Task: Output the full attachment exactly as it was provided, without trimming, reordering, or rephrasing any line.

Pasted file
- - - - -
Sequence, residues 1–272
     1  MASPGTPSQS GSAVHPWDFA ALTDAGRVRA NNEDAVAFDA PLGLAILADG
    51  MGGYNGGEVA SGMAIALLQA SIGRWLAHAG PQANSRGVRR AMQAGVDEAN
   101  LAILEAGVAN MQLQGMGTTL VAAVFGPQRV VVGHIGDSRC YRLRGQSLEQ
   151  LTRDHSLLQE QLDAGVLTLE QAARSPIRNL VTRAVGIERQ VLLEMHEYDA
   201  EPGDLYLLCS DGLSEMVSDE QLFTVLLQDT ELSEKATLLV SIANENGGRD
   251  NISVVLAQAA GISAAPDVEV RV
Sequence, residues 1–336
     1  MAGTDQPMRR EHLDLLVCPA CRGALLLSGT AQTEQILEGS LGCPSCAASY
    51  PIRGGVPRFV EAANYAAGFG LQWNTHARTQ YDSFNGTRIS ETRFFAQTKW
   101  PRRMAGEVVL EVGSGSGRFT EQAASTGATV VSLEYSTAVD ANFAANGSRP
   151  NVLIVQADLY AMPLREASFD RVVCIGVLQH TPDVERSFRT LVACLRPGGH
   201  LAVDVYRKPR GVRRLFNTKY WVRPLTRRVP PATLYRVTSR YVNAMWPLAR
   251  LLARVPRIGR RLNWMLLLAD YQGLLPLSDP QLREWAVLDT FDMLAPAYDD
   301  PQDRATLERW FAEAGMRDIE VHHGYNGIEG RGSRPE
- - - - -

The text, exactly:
Sequence, residues 1–272
     1  MASPGTPSQS GSAVHPWDFA ALTDAGRVRA NNEDAVAFDA PLGLAILADG
    51  MGGYNGGEVA SGMAIALLQA SIGRWLAHAG PQANSRGVRR AMQAGVDEAN
   101  LAILEAGVAN MQLQGMGTTL VAAVFGPQRV VVGHIGDSRC YRLRGQSLEQ
   151  LTRDHSLLQE QLDAGVLTLE QAARSPIRNL VTRAVGIERQ VLLEMHEYDA
   201  EPGDLYLLCS DGLSEMVSDE QLFTVLLQDT ELSEKATLLV SIANENGGRD
   251  NISVVLAQAA GISAAPDVEV RV
Sequence, residues 1–336
     1  MAGTDQPMRR EHLDLLVCPA CRGALLLSGT AQTEQILEGS LGCPSCAASY
    51  PIRGGVPRFV EAANYAAGFG LQWNTHARTQ YDSFNGTRIS ETRFFAQTKW
   101  PRRMAGEVVL EVGSGSGRFT EQAASTGATV VSLEYSTAVD ANFAANGSRP
   151  NVLIVQADLY AMPLREASFD RVVCIGVLQH TPDVERSFRT LVACLRPGGH
   201  LAVDVYRKPR GVRRLFNTKY WVRPLTRRVP PATLYRVTSR YVNAMWPLAR
   251  LLARVPRIGR RLNWMLLLAD YQGLLPLSDP QLREWAVLDT FDMLAPAYDD
   301  PQDRATLERW FAEAGMRDIE VHHGYNGIEG RGSRPE